The Treasury Department rolled out plans Monday to grant “innocent spouses” relief from IRS collection actions prompted by tax problems caused by their mates.
The plight of innocent spouses also will be the focus of Senate Finance Committee hearings later week as the panel continues to work on a bill to overhaul the Internal Revenue Service. The panel plans to hear testimony from women who faced IRS collection actions due to tax problems of their former husbands.
Under the tax law, each spouse is equally liable for the full amount of income tax due on a joint federal tax return. That enables the IRS to pursue one spouse for payment of taxes if the other is unavailable.
In limited cases, the law provides relief for a spouse who showed he or she did not know the return contained an error or understatement of taxes. Such innocent-spouse relief is difficult to obtain, but the Treasury Department announced several initiatives Monday to improve the situation. Among them:
IRS workers will be better trained to recognize and assist innocent spouses, including informing taxpayers of their rights even if they are unaware of them.
A new form will be created to assist taxpayers applying for relief as innocent spouses. The IRS plans to process these forms in one location to ensure consistent treatment and will have employees specially trained to handle these issues over the agency’s toll-free telephone help line.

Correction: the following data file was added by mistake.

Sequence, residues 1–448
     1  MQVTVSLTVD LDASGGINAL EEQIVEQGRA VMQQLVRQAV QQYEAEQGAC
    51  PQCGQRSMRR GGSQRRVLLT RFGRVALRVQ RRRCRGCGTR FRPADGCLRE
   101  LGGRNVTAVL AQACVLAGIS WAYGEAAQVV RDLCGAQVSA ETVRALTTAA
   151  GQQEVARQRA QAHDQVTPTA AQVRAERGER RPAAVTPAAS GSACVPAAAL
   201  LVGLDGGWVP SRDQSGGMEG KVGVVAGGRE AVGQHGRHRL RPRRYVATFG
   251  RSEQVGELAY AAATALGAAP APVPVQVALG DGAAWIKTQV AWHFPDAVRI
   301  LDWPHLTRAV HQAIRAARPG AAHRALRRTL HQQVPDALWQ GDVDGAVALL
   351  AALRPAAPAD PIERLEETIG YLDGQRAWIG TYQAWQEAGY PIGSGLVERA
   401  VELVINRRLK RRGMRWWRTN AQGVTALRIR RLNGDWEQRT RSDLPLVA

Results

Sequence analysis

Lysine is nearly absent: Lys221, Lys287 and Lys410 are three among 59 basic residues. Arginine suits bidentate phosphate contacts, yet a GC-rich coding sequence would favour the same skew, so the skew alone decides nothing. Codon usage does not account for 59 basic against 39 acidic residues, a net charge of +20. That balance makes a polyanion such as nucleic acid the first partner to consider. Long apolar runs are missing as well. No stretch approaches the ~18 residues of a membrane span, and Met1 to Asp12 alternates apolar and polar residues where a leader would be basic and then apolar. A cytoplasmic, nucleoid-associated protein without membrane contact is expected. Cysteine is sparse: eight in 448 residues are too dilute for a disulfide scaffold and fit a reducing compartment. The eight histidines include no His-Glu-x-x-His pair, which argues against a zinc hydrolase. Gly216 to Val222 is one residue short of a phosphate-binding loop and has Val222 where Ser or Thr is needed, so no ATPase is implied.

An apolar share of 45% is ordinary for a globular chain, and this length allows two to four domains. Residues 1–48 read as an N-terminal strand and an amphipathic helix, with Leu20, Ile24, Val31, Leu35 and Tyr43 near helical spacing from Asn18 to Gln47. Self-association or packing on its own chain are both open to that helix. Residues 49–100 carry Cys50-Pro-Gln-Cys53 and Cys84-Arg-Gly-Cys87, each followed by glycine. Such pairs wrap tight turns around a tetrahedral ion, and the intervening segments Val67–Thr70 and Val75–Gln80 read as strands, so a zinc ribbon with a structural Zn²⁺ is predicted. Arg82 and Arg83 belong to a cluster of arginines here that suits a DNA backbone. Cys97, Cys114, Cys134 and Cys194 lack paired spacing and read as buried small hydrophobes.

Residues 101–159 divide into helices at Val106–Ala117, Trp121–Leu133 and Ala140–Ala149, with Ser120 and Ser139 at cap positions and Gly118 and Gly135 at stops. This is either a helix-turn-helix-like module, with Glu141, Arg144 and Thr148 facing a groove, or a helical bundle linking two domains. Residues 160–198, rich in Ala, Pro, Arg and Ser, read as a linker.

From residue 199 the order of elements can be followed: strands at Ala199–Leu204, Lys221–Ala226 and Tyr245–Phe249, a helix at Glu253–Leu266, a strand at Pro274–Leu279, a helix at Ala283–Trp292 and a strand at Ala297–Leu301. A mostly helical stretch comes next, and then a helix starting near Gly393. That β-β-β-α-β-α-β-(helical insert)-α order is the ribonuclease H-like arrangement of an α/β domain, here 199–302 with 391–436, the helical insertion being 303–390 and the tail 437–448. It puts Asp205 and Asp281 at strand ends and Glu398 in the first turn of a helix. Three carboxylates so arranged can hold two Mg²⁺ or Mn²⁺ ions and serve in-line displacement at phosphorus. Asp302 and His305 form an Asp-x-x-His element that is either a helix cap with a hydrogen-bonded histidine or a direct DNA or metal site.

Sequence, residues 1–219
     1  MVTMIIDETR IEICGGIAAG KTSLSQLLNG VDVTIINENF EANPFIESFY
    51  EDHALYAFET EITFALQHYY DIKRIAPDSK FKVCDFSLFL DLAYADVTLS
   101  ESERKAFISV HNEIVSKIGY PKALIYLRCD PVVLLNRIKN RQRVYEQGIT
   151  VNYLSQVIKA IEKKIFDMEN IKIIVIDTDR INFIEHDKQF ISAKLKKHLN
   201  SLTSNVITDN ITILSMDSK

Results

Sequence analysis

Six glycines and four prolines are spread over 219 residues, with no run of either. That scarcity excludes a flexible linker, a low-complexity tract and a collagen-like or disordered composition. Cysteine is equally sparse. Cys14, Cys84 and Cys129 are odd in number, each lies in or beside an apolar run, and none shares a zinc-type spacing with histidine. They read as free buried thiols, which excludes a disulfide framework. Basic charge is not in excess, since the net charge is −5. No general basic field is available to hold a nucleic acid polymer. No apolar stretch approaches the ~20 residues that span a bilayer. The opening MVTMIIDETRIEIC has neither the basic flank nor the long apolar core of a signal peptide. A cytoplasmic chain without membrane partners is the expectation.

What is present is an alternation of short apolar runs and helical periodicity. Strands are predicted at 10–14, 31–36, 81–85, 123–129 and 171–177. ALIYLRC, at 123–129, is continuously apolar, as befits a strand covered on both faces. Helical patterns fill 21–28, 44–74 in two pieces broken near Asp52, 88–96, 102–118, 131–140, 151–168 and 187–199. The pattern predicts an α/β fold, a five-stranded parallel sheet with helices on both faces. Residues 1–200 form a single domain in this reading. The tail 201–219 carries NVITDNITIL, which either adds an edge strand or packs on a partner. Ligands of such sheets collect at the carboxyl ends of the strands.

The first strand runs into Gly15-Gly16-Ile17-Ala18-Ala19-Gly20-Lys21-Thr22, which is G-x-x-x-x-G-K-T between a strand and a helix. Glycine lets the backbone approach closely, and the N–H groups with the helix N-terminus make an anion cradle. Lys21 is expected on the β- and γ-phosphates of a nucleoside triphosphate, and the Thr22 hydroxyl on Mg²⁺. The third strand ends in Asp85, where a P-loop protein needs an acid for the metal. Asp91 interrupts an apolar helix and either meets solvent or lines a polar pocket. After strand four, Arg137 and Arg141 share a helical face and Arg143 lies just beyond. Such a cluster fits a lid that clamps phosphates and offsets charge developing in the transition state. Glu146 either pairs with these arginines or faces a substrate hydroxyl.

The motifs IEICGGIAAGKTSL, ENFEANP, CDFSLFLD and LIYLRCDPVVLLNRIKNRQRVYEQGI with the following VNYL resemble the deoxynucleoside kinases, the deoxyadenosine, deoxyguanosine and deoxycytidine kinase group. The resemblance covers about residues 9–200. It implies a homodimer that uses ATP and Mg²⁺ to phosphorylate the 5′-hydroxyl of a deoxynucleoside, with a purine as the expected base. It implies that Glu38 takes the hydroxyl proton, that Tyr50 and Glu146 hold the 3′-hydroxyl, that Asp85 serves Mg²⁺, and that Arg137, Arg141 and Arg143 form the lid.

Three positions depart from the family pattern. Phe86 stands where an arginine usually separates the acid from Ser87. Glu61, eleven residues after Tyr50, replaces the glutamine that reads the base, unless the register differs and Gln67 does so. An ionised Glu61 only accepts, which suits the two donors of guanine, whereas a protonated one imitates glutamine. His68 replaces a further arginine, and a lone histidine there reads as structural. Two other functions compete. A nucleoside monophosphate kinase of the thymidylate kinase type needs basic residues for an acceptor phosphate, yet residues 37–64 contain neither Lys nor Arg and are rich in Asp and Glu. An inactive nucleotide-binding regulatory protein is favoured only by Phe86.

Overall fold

“The innocent spouse is a real fairness issue. And responding better to this is right at the center of what having a customer-oriented IRS is all about,” said Deputy Treasury Secretary Lawrence Summers. These administrative changes at the IRS will occur later this year.
The Treasury Department on Tuesday plans to issue a report - one year late - that was requested by Congress to examine legal issues surrounding innocent-spouses.
Congress sought the report to determine if, among other things, it should modify the current joint and several liability standard for joint returns to something along the lines of proportionate liability, in which spouses would be held responsible to the extent of their individual involvement. The Treasury report doesn’t recommend changing liability standards, officials said.
Donna Steele Flynn, a former House Ways and Means Committee staff member, said making such a change would be difficult and raise numerous tax policy problems.
“There are no ‘one-size-fits-all,’ truly good solutions to fix this problem,” said Flynn, now with the accounting firm Ernst & Young.